The mountains in Europe are growing taller and global warming is partly responsible, scientists say.
Heavy glaciers cause the Earth's crust to flex inward slightly. When glaciers disappear, the crust springs back and the overlaying mountains are thrust skyward, albeit slowly.
The European Alps have been growing since the end of the last little Ice Age in 1850 when glaciers began shrinking as temperatures warmed, but the rate of uplift has accelerated in recent decades because global warming has sped up the rate of glacier melt, the researchers say.
The finding is detailed in the July Issue of Geophysical Research Letters.
The conclusion is based on a new computer model that assumes that over time scales of a few years to thousands of years, the surface of the Earth behaves like a very thick fluid.
"Imagine honey or molasses, only a billion, billion times more viscous," said study leader Valentino Barletta of the University of Milan in Italy. If a heavy object is placed on the surface of such a fluid, it sinks until a balance is reached between the forces of gravity pulling it down and the buoyancy keeping it afloat.
"When you remove the weight, the viscous fluid takes some time to refill the depression that's left behind," Barletta told LiveScience.
This is, scientists day, precisely what's occurring in the Alps. As the glaciers melt and the mountains are freed of their heavy burdens, the surface of the Earth springs back very slowly. This effect is well studied and it occurs in North America, too.
The region where the most uplift is occurring is in the French Alps near Mount Blanc, the tallest mountain in Western Europe. The mountains in this region are growing at a rate of about .035 inches per year. In 50 years, they will be about 1.8 inches taller than today. The average maximum growth for the rest of the Alps is a more modest .013 inches per year.
Glacier shrinkage accounts for half of the observed increase, while other geological factors, such as active shifting of the Earth's tectonic plates, drainage and erosion, are responsible for the rest, the researchers say.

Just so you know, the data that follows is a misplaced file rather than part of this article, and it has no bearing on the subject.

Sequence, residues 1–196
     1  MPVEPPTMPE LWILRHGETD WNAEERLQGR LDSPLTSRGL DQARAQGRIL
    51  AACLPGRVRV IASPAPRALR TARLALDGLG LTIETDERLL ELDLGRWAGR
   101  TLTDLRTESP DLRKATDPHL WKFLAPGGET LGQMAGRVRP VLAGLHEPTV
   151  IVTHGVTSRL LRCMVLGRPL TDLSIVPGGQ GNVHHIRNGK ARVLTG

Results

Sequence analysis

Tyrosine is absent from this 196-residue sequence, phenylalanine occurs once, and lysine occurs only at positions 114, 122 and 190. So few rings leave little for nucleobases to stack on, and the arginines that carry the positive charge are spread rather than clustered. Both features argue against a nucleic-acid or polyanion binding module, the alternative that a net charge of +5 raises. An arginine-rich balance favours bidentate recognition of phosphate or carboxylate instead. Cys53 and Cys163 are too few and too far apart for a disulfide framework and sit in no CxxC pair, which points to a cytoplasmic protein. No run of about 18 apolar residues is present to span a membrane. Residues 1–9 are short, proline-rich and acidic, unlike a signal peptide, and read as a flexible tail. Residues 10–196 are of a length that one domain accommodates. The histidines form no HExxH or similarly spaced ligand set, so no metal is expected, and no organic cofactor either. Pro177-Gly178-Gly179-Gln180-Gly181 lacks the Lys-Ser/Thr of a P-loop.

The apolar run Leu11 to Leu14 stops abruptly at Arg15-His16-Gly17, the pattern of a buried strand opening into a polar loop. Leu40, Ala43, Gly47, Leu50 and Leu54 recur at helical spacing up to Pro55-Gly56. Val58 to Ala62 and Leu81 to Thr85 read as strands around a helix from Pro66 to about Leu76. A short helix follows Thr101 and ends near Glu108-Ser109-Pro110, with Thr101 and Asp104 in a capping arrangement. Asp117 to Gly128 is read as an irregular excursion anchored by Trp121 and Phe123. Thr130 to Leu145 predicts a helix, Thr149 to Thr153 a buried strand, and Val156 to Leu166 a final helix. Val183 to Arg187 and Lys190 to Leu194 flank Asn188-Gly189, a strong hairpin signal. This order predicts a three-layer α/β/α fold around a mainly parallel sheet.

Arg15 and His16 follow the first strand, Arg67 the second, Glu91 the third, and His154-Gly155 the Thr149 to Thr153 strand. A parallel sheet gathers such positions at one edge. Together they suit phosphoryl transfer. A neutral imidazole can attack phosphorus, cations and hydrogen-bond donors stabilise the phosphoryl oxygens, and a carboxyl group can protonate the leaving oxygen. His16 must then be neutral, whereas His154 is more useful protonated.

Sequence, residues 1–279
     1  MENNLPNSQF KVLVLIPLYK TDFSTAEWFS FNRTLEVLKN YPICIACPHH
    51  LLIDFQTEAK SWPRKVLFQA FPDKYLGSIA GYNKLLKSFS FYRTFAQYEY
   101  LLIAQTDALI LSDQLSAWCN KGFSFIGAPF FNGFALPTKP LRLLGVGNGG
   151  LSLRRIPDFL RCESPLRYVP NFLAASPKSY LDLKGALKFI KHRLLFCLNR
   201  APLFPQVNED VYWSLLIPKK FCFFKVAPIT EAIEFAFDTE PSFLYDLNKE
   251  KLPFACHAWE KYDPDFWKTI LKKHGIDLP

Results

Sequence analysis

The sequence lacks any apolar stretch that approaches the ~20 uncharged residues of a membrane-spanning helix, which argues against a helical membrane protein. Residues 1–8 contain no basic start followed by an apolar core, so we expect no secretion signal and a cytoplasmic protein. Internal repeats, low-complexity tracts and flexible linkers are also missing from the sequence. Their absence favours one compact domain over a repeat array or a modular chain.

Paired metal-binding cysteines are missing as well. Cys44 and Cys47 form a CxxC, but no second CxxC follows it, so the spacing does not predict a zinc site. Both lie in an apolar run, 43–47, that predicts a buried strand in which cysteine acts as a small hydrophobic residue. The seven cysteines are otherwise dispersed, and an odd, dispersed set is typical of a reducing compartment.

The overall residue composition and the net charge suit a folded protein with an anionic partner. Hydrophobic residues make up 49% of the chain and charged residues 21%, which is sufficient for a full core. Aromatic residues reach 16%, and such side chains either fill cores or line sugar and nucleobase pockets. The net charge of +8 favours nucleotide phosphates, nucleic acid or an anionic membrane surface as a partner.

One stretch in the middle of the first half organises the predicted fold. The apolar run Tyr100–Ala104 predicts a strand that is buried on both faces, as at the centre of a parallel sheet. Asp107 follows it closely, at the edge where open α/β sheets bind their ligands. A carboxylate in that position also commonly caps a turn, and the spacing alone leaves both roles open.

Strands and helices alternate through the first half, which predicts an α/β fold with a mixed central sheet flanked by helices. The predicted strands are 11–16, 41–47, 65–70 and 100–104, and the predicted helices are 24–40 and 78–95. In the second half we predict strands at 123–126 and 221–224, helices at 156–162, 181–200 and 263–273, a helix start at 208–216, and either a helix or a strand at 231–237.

Glaciers have been shrinking almost continuously since 1850, but the process has sped up in recent decades because of global warming, Barletta said.
Other studies found that from 1850 to the 1970s, glaciers in the European Alps shrunk by 35 percent. In only the past 30 years, however, the rate of melting has accelerated to the point that the 5,150 glaciers now cover only 50 percent of the area they once did.
Some scientists estimate that if summer air temperatures warm by 5 degrees Fahrenheit (3 Celsius) by the end of the century, 80 percent of the Alps' glacial covering will be gone by 2100; if temperatures increase by 9 degrees Fahrenheit (5 Celsius), the Alps will be almost completely ice-free by century's end.
Elsewhere, scientists have found that melting permafrost has caused portions of mountains to crumble and is making the ground sink right out from under buildings and railroads.
Whether the glaciers disappear or not, the Alps will continue to rise, pushed upwards by other geological forces until complete relaxation is reached, something that could take hundreds or thousands of years, Barletta said.